- Sex and the City: It was a critical darling and cultural icon. And it was also a show with C-grade broadcast sitcom writing and (Cynthia Nixon excepted) barely-adequate-to-horrible acting about exceptionally uninteresting characters learning fundamentally sexist lessons. In other words, the easiest choice on the list.
- 24: The recent discussion about its right-wing politics obscures the real problems with the show, which is that it sucks, something that was quite evident before its politics became clear. In the immortal words of the Editors, “Here’s the plot of “24”: there’s a bunch of terrorists, Kiefer stops them, oh wait no he didn’t, but now he did really, and just in the nick of time! Because even the cruelest TV executive couldn’t stretch this over more than 4 hours, the rest of the show has to be padded out with subplots, mainly involving his daughter getting kidnapped. Oh, Lord, can that girl get kidnapped. Most people can live a good long life without ever getting kidnapped; an unfortunate few do get kidnapped once; there are probably a few examples through history of people getting kidnapped two, or maybe even three, times. Kiefer’s daughter gets kidnapped like seven times a day. She gets kidnapped from people who kidnapped her from kidnappers. If she makes it to dinner time without being kidnapped at least twice, that’s a cause for celebration in the Kiefer household.” And the fact that Keifer Sutherland can win a best actor Emmy tells you all you need to know about the value of those awards.
- The West Wing: It may seem strange to put what is, I guess, Sorkin’s best show on the list, but that’s the overrated/bad distinction. Even if most critics only saw the glaring suckiosity of Studio 60 after it became a ratings fiasco, it’s hard to call it overrated at this late date, and SportsNight wasn’t long-running enough. Between its wholly unearned reputation for political acuity and the fact that it was a mediocre show discussed as if it was comparable in quality to The Sopranos (hint: in an actual great show, all the characters don’t sound like the script’s author), I found it essentially unbearable despite the good actors. I’ll admit that the 9/11 episode was anomalously bad, but when I saw those students trapped in a room so that a “character” could read–complete with blackboard!–trite moderate-liberal position papers about the Political Implications Of Terrorist Attacks at them, I could identify strongly with them because I had seen an Aaron Sorkin show.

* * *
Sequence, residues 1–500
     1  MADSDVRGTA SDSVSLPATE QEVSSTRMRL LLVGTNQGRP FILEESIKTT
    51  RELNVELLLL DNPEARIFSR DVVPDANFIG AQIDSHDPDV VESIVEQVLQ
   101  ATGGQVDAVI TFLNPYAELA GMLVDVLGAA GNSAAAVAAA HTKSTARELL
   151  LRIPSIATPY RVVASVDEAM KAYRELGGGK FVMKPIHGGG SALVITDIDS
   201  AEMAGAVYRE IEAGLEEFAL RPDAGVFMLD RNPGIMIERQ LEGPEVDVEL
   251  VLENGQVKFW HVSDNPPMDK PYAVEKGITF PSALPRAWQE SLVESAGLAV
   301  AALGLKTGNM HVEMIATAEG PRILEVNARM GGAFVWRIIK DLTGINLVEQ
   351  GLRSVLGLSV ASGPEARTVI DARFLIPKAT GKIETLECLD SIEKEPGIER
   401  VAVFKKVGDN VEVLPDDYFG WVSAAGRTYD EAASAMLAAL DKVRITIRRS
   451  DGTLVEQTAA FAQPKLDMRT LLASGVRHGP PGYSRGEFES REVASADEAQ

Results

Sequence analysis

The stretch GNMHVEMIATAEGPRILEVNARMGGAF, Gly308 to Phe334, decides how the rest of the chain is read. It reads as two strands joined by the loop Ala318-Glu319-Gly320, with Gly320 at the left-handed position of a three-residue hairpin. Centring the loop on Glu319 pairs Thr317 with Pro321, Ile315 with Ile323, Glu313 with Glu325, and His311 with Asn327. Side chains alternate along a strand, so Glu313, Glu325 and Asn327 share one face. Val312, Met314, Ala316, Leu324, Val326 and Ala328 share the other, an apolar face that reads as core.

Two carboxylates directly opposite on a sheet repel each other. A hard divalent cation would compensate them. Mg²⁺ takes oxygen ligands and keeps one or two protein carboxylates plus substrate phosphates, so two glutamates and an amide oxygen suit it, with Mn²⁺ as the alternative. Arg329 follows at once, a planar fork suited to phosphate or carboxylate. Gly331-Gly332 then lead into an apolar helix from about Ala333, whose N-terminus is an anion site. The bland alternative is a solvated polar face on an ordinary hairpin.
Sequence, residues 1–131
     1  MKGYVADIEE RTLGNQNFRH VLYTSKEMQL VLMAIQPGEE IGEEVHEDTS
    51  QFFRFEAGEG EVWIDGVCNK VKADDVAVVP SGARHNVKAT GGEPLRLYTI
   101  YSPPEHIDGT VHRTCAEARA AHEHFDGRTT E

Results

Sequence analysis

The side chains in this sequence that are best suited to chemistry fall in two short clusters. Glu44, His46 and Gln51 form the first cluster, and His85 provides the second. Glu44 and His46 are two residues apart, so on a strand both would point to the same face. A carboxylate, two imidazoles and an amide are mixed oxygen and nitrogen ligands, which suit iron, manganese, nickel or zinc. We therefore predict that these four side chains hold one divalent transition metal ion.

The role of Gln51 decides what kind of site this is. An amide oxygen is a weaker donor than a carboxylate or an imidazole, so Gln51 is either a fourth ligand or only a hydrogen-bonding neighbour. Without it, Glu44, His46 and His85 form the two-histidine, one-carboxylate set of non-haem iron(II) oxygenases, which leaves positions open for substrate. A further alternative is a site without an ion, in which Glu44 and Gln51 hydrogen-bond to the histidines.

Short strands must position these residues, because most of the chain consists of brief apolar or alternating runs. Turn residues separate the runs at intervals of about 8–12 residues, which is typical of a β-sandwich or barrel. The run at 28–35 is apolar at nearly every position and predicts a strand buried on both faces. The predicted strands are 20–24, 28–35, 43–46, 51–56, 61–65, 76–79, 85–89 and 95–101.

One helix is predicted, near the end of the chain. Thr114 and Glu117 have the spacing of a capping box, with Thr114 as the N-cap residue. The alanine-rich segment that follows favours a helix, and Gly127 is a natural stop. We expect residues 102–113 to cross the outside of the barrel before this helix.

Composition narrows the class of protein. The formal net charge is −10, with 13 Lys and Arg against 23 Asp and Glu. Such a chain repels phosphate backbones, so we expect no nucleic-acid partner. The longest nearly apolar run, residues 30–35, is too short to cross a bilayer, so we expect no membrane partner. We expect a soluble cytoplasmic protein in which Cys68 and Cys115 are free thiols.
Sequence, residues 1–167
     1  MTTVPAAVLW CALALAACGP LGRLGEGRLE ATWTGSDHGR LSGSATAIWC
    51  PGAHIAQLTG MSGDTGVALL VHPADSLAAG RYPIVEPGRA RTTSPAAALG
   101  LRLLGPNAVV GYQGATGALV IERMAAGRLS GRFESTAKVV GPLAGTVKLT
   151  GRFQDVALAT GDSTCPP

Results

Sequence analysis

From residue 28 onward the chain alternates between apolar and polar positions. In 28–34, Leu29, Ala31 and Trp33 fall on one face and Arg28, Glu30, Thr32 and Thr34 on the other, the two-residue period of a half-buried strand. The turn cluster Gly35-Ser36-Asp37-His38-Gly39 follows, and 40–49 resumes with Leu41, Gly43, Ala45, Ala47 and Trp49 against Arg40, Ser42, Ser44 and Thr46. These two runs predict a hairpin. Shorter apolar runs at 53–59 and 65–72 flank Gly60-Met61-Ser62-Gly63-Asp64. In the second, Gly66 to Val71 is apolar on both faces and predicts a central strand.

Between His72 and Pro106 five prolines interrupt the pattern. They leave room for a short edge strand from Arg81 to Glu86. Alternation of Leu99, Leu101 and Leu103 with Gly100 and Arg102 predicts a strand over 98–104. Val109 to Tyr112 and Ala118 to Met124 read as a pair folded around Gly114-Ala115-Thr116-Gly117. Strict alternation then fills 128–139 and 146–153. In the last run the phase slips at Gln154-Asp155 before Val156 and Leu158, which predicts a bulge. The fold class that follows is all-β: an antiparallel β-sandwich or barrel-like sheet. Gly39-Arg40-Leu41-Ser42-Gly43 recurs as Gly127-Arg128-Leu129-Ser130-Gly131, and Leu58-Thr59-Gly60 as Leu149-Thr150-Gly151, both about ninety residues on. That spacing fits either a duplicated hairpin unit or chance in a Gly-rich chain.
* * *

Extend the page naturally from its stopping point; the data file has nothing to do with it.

- Law and Order: SVU Granted, the all-pervos-all-the-time premise does largely pre-empt the “I’m putting the Iraq War on trial!!!!!!!!!!!!!” moments that make many late episodes of the mother show unwatchable. Still, there’s something about the DeMillian simultaneous exploitation and moralism that’s very annoying, and as a procedural it’s pretty lame. Plus, Mariska Hargitay isn’t that good.